On Wednesday, Sept. 10, Mr. Joe Fox’s, Math, AP Statistics class conducted a candy lab involving Starbursts that helped the students see how AP Statistics can apply to real life situations.
“[The lab] gives [students] real-world data to go through and use when they’re going through and determining categorical data and quantitative data. It goes through and shows them that you can pick up a bag of candy and we can use that to make stats play there,” Mr. Fox said.
The students were separated into groups of three and each group was given a bag of Starbursts to go through and sort by color.
“I went through and grabbed random bags of candy and they can go in and do some type of discussion about the distribution…some type of discussion about how the candies broken up and those things,” Mr. Fox said.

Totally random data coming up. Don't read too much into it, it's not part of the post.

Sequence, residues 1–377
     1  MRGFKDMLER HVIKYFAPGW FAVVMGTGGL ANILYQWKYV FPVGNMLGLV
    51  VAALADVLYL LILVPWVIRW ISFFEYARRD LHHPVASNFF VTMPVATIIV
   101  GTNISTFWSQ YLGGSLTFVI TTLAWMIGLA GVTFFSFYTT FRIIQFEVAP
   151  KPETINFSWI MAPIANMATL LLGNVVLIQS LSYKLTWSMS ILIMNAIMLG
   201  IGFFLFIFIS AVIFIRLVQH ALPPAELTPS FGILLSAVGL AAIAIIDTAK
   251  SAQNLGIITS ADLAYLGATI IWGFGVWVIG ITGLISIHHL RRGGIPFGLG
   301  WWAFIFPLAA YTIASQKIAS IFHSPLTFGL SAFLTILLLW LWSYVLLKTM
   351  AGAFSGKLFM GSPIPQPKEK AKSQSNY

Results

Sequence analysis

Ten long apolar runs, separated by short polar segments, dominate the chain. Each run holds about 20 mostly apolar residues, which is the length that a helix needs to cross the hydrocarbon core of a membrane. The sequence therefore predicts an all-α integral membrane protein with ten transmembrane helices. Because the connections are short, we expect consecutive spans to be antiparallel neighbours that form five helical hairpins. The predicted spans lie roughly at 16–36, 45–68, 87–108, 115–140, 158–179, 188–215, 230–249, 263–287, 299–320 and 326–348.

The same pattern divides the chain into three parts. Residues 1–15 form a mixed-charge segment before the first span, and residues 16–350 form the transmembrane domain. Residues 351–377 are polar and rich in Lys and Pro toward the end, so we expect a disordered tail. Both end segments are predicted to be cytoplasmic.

After the students were done gathering their data, they were given the choice to “do what they wished” with it.
“The leftover candy [was the best part of the lab], because the candy tastes good and teachers aren’t allowed to give it out anymore,” Christina Tipman (11) said.
Getting to eat the candy was a plus, but the most important thing about the lab was that the students understood what was trying to be taught.
“I learned that the amount of candy in each bag varies along with the categorical data of colored candy,” Tipman said.
Statistics is not your average math class because it differs in labs and what is being taught.
“I took the class because I thought I would benefit from it and I’m pretty good at math, but it’s not a normal math class. [It’s not like a normal math class because] you aren’t really solving for something. You’re looking for the statistics for how likely something is to happen or just percents in general of spending or sports is an important aspect in Stats. Stats is everywhere, you can find statistics for everything,” Tipman said.